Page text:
Upper Tribunal (Administrative Appeals Chamber), October 22, 2014,  UKUT 495 (AAC)
|Resolution Date:||October 22, 2014|
|Issuing Organization:||Upper Tribunal (Administrative Appeals Chamber)|
|Actores:||SB v Secretary of State for Work and Pensions (BB) (Bereavement and death benefits : bereavement payments)|
SB v The Secretary of State for Work and Pensions (BB)
 UKUT 0495 (AAC)
SB v The Secretary of State for Work and Pensions (BB)
 UKUT 0495 (AAC)
IN THE UPPER TRIBUNAL Appeal No. CG/4295/2013
(ADMINISTRATIVE APPEALS CHAMBER)
BEFORE JUDGE WEST
The decision of the appeal tribunal sitting at Sheffield dated 15 August 2013 under file reference SC147/13/013 involves an error on a point of law. The appeal against that decision is allowed and the decision of the appeal tribunal is set aside.
The decision is remade. The claimant was validly married to the deceased on 7 January 1986 and is entitled to bereavement benefit on his death. The Secretary of State must now pay the full amount of the arrears of bereavement benefit due to the claimant at the earliest opportunity and make an ongoing award of bereavement benefit in accordance with the claimant's entitlement to that benefit.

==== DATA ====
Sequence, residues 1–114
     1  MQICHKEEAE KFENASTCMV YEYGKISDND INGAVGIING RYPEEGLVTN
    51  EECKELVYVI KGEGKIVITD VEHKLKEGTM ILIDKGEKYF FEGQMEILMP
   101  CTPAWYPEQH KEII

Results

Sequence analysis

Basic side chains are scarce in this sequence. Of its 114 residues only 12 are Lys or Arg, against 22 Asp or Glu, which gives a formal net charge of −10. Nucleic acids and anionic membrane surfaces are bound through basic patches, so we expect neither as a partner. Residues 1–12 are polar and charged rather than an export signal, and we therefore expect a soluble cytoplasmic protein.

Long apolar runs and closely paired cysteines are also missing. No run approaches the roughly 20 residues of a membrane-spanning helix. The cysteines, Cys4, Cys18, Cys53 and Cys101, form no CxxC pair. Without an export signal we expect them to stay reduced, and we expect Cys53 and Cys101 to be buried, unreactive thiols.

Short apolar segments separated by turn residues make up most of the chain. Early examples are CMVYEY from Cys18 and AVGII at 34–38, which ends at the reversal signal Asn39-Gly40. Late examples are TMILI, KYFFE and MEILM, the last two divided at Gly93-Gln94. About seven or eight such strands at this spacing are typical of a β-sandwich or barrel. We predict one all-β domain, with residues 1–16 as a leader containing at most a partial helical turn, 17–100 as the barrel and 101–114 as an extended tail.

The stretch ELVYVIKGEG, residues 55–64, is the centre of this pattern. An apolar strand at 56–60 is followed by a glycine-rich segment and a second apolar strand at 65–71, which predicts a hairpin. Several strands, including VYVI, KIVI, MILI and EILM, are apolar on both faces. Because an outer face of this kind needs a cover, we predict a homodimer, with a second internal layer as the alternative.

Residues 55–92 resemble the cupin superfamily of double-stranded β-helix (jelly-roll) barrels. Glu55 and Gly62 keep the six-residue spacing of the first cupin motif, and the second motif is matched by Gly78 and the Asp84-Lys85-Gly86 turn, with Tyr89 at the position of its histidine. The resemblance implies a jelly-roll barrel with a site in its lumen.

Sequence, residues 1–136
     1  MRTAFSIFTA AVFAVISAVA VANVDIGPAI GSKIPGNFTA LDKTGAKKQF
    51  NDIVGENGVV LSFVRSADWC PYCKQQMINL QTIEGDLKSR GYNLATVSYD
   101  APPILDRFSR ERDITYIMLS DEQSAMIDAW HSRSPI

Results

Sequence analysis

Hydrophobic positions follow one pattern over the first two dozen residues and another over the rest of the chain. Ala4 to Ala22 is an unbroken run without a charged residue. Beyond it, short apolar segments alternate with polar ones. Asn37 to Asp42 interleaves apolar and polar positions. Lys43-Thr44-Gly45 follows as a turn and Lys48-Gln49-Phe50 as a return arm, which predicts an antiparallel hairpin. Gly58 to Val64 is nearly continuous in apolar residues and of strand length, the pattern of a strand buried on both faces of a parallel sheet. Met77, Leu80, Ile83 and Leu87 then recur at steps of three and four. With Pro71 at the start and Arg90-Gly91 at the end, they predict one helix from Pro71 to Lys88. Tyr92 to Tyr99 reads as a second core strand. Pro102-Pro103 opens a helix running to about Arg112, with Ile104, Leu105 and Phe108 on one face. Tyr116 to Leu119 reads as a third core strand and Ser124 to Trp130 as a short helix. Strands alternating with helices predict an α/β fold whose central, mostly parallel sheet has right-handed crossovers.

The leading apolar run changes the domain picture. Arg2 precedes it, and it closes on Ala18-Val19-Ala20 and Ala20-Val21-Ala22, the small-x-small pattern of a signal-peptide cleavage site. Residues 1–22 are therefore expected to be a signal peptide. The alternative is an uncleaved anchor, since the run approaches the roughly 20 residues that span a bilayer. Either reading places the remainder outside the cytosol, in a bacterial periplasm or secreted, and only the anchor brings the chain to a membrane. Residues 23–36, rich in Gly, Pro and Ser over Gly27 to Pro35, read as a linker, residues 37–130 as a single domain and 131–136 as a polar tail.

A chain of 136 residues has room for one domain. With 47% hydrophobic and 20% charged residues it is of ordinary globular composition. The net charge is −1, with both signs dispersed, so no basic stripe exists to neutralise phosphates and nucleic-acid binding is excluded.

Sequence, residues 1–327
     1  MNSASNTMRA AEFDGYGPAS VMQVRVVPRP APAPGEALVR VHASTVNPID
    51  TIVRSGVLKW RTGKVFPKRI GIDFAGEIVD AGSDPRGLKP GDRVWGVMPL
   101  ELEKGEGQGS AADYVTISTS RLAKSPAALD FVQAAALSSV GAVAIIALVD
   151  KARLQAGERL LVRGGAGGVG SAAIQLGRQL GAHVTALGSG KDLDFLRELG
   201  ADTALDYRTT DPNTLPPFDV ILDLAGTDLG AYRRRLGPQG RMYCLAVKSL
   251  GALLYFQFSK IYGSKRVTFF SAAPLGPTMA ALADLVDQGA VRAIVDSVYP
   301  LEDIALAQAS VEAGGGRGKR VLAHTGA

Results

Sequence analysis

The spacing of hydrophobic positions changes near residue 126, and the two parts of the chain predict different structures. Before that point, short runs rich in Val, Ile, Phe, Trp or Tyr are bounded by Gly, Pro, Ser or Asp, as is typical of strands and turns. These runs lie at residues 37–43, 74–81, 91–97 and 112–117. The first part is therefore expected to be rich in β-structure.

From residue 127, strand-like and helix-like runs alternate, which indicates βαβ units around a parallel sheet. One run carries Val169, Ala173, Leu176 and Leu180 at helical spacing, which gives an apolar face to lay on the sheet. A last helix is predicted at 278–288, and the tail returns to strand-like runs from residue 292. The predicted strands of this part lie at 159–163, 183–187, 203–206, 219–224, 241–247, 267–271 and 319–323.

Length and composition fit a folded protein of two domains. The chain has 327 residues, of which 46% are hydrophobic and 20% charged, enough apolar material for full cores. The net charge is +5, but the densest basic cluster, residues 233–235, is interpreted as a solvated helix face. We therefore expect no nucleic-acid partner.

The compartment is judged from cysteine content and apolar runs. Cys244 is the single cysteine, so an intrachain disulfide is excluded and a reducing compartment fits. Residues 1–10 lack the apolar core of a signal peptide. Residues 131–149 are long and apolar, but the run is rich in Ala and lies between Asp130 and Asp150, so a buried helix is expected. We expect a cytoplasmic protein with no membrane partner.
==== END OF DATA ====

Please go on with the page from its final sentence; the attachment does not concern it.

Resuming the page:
This decision is made under section 12(2)(b)(ii) of the Tribunals, Courts and Enforcement Act 2007.
This is an appeal, with the permission of Tribunal Judge Good, against the decision of the appeal tribunal sitting at Sheffield on 18 August 2013.
I shall refer to the appellant hereafter as ``the claimant''. The respondent is the Secretary of State for Work and Pensions. I shall refer to him hereafter as ``the Secretary of State''. For ease of reference, both in the short formal decision which I gave in September and in this longer fully reasoned decision, I shall refer to her husband as ``the deceased'' and the woman who was purportedly his first wife as ``MB''. I shall refer to the tribunal which sat on 18 August 2013 as ``the appeal tribunal''.
The History of the Claim